The Order of Nations


The charge has been made that there is a contradiction in Genesis 10–11. The accusation is that if people had already spread around the world (as recorded in Genesis 10), fulfilling God’s command, why was mankind judged with the confusion of languages as recorded in Genesis 11? This is actually an easy “contradiction” to clear up.
Genesis 10, often called “the Table of Nations,” traces the origins of nations and people groups as they dispersed around the world after the Flood. It is a historical narrative of the descendants of Noah’s three sons. That chapter concludes with this statement:

These were the families of the sons of Noah, according to their generations, in their nations; and from these the nations were divided on the earth after the flood (Genesis 10:32).

After the descendants of each of the sons of Noah are mentioned, the text says that they were dispersed “according to their families, according to their languages” (Genesis 10:5, 20, 31). So, if Noah and his sons all spoke the same language, where did all of these other languages come from? Genesis 11 gives us the answer.

These groups of people did not willingly and obediently separate to fill the earth. Rather, we learn in Genesis 11:1–9 why these families separated from each other and how it came to be that there were so many languages in the world.

There is no contradiction here; Moses merely put the effect before the cause. Genesis 10 gives an overview, and then Genesis 11 fills in the details. You often find the same technique in other history books. One chapter might contain an overview of World War I — along with a list of major events. But the very next chapter might detail what the world was like in the years before the war and what events led up to it.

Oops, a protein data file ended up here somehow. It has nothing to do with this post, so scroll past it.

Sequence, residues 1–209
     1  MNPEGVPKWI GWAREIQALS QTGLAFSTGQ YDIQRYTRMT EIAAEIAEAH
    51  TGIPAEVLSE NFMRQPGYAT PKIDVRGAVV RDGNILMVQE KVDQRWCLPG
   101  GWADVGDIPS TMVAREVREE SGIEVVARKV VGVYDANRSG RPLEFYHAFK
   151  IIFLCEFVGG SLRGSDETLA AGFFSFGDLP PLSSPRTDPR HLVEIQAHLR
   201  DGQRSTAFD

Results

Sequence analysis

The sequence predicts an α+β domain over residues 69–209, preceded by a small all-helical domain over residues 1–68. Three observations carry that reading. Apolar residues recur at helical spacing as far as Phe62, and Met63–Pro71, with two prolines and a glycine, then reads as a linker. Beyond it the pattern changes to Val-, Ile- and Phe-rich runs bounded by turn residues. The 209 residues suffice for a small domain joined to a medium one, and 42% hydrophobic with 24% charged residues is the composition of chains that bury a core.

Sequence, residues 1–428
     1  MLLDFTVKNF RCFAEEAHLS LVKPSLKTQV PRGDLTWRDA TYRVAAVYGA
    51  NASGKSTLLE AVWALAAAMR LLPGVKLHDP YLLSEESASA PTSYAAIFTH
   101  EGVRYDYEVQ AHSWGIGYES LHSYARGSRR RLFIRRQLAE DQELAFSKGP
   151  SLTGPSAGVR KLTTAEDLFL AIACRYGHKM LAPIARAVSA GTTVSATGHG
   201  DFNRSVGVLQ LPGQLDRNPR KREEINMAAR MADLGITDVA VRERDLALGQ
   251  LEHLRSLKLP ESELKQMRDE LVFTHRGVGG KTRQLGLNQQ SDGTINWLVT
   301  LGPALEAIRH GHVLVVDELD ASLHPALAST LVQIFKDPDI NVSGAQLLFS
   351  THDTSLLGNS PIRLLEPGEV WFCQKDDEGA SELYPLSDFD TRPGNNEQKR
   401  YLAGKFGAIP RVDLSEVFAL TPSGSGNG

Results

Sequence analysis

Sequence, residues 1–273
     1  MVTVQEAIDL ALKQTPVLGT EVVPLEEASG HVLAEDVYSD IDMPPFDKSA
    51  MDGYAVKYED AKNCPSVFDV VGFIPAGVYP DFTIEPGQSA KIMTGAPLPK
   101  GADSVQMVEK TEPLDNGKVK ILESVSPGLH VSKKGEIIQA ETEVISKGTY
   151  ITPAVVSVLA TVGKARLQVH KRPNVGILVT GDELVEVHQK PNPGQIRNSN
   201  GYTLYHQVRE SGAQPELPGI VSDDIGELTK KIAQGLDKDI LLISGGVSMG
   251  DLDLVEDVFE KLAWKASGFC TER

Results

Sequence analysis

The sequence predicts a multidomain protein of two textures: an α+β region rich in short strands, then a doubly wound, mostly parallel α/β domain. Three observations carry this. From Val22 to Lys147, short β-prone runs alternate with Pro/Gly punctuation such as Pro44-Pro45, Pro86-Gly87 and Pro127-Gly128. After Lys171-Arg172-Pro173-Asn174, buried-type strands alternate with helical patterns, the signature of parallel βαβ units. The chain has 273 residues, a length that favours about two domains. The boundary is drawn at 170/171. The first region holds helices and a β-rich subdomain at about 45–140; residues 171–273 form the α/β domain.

There may also be another reason why the order of these two events is switched. Keith Krell explains:

The actual outworking of the genealogies of Genesis 10 occurs after the events at the Tower of Babel (cf. 11:1 with 10:5, 20, 31). This interspersal of narrative (11:1–9) separates the two genealogies of Shem (10:21–31; 11:10–26), paving the way for the particular linkage between the Terah (Abraham) clan and the Shemite lineage (11:27). The story of the tower also looks ahead by anticipating the role that Abram (12:1–3) will play in restoring the blessing to the dispersed nations. By placing the Tower of Babel incident just prior to the stories of Abram and his descendants, the biblical writer is suggesting, in the first place, that post-flood humanity is as wicked as pre-flood humanity. Rather than sending something as devastating as a flood to annihilate mankind, however, God now places His hope in a covenant with Abraham as a powerful solution to humanity’s sinfulness. This problem (Genesis 11) and solution (Genesis 12) are brought into immediate juxtaposition, and the forcefulness of this structural move would have been lost had Genesis 10 intervened between the two.[4]

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Location, Location, Location


Why do names of places appear in both the pre-Flood and post-Flood world? Does this refute a global Flood that should have destroyed such places?

When we read Genesis 6–9, it is obvious that there was a global Flood.

So the alleged contradiction is that some pre-Flood place names rea